Good luck!!  8)

P.S.  Lesley.... you have a smiley face with interesting knobbley foliage?  That must be uncomfortable for you!?  ;D
« Last Edit: August 12, 2007, 07:24:00 AM by tyerman »
Cheers.

Paul T.
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Min winter temp -8 or -9°C. Max summer temp 40°C. Thankfully, maybe once or twice a year only.

Staale

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Re: Ants in love with my Rheum
« Reply #6 on: August 12, 2007, 06:52:43 PM »
Thank you all for kind advice. The plant looks sturdy enough, so I will dare mine to be as resilient as yours, Lesley.
 Hope you and your Rheum beat the possums to it next season.

When on to the subject Rheums. I mentioned earlier that I have a R. delavayi. The plant is from seed (seed exchange), and is now some four years old, and still only som 10 cm (3 ") and has never flowered. Should I be pleased with it's size, or is it telling me that it disaproves of the conditions it grows in? I have never really found a good source on information about this genus, so am not really sure what to expect.

I will keep you posted on the results of the chemical cleansing.

Staale Sorensen, 120 km north of Oslo, Norway

Lesley Cox

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Re: Ants in love with my Rheum
« Reply #7 on: August 12, 2007, 09:59:48 PM »
While I love all the 8 Rheum species I've grown, I love R. delavayi most of all, simply BECAUSE it's so tiny compared with the others, Staale. Mine grows to about 12cms in bloom, just 3 or 4cms when only in leaf. It is quite deciduous and is creeping to make a good mat. The flowers are red, filled with cream pollen and I get some fertile seed each year. It should be sown fresh. I like the red veining in the foliage too. Mine is in a moist raised bed and seems very happy there. The current 3 plants were raised from seed from the ACE expedition (ex AGS or SRGC seedlist) but my original plant 26 years ago was given to me by the late Tony Colmer, when I stayed with his family in 1981. I am very fond of it for that reason too.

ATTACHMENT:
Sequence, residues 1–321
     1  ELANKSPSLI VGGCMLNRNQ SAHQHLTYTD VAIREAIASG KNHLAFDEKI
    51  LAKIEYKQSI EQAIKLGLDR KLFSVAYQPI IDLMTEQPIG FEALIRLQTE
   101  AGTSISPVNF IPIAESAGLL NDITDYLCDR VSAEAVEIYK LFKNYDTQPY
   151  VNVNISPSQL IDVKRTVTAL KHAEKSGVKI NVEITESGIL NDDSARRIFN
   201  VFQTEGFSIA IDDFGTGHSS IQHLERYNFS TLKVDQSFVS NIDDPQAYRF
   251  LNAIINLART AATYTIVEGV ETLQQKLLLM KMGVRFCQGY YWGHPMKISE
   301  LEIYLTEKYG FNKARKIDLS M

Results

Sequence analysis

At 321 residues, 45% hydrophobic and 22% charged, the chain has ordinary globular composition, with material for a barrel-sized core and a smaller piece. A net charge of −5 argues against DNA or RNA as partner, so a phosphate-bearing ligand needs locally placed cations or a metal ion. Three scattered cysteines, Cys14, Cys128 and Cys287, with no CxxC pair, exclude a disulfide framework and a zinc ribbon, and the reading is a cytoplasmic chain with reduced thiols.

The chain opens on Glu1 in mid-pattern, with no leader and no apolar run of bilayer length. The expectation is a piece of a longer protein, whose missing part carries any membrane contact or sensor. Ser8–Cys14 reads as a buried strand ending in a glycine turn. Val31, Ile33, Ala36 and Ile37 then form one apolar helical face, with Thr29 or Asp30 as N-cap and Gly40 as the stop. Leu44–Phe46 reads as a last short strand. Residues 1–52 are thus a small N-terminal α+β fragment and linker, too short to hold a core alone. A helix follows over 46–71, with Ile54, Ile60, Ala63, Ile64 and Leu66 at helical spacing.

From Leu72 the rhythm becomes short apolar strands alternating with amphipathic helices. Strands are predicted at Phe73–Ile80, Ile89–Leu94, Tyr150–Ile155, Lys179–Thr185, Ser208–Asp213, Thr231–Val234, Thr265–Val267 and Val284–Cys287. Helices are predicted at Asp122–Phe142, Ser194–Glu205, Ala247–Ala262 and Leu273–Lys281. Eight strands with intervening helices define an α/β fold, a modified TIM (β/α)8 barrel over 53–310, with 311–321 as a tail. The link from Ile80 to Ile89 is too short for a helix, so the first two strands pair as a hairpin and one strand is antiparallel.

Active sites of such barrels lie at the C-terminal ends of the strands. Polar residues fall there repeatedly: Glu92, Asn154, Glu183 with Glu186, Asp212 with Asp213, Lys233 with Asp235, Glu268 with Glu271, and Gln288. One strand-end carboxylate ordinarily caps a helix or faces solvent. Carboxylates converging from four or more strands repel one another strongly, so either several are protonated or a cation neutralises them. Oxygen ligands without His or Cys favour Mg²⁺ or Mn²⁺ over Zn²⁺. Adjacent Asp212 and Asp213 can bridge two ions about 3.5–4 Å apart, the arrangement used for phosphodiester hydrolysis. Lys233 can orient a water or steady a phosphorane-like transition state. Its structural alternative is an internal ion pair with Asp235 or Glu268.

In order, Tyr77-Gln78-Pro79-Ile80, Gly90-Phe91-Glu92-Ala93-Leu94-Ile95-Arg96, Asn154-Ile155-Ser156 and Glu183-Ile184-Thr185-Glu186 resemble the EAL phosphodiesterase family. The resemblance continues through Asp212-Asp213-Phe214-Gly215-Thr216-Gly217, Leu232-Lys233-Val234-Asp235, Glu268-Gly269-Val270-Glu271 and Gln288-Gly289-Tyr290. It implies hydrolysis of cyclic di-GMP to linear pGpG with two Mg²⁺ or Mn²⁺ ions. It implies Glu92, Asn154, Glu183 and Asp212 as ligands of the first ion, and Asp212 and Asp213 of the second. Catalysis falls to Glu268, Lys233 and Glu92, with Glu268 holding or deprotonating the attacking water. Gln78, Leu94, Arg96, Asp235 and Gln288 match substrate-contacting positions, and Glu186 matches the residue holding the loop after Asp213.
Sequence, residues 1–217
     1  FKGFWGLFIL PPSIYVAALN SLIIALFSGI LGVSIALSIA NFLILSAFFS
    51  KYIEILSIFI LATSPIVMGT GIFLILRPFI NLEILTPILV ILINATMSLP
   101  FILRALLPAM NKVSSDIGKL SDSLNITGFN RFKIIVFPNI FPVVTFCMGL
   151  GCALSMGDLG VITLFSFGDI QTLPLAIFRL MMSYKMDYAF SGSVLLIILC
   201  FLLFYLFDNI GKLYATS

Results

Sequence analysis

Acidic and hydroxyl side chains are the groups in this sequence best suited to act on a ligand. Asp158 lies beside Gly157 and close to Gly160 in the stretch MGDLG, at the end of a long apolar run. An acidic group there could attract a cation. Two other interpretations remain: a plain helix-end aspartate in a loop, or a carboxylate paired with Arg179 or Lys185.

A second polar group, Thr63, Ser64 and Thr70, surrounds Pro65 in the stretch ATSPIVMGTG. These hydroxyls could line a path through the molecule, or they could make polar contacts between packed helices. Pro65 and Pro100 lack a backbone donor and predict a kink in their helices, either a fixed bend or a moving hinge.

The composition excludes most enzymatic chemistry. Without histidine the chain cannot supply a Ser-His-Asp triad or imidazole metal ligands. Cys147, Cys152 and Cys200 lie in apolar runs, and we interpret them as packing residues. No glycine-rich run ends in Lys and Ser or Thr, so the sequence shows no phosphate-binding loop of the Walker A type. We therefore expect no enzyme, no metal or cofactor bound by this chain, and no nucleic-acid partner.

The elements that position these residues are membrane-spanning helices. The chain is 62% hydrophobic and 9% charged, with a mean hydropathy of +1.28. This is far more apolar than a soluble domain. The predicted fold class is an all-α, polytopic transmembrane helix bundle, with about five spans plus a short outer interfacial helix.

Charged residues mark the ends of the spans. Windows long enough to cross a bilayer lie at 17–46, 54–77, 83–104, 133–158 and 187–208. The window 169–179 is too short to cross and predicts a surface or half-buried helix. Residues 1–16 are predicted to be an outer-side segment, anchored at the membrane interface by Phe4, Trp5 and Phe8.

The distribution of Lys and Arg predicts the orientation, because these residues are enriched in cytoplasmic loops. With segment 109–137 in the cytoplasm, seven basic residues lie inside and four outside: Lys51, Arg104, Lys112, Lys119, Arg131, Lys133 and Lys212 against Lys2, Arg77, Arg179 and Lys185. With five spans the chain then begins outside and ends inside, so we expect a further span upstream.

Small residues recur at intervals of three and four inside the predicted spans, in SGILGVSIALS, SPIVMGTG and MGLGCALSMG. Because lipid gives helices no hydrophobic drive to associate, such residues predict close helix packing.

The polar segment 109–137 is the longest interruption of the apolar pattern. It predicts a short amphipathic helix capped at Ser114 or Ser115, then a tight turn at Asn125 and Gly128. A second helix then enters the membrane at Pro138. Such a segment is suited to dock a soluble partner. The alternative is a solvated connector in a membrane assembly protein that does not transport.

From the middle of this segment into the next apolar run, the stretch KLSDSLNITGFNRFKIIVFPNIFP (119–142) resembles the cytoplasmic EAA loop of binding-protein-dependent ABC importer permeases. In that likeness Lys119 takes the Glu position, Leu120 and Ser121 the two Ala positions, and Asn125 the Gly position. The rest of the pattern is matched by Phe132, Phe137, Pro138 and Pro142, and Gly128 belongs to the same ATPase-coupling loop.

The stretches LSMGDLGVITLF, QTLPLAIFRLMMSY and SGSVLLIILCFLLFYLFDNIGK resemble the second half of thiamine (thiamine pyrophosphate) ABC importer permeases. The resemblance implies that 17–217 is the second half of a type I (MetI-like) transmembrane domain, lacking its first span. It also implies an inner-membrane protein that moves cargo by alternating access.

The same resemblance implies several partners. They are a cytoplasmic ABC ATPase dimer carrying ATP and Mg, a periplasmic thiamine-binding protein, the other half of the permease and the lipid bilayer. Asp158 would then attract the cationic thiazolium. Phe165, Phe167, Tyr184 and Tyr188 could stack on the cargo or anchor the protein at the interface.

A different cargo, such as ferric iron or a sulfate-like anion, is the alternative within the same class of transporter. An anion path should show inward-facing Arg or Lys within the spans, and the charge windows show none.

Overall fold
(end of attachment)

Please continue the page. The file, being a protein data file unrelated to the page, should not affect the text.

There's a picture somewhere on an old thread but I'll put it here too, being too lazy to go searching.

25603-0

25605-1

In the first pic, the Primula x juliana `Snow White' gives a good idea of comparative size. The Rheum is at home with little things like Houstonia caerulea, Hacquetia epipactis and very small primulas.
« Last Edit: August 12, 2007, 10:05:36 PM by Lesley Cox »
Lesley Cox - near Dunedin, lower east coast, South Island of New Zealand - Zone 9

Staale

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Re: Ants in love with my Rheum
« Reply #8 on: August 13, 2007, 08:20:47 PM »
Thank you for the information, Lesley. Apart from the creeping part, wich it has shown no interest for, it is just bit shy, then. And I agree, it IS a lovely little plant in its own way, with beautiful red stained leaves. Another good thing that I didn't know; I guess that if it some times is inclined to creep, it is not going to die on me straight after flowering (if it ever comes to that).
Staale Sorensen, 120 km north of Oslo, Norway

Lesley Cox

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Re: Ants in love with my Rheum
« Reply #9 on: August 13, 2007, 10:29:31 PM »
It should be fully perennial, and quite hardy as well.
Lesley Cox - near Dunedin, lower east coast, South Island of New Zealand - Zone 9

Staale

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Re: Ants in love with my Rheum
« Reply #10 on: August 25, 2007, 08:13:55 PM »
Just wanted to thank all who responded to my question about ants building nest around my R. alexandre. Problem is now solved, and remarkably easy it was too. A quick go with weapons of mass destruction (chemical spray), and they were all gone the next day, both aphids and ants. I'm very grateful, and I'm sure the Rheum is too!
Funny though, that the ants not only 'milk' the aphids for honey dew, but that they practically try to move in with them.
Staale Sorensen, 120 km north of Oslo, Norway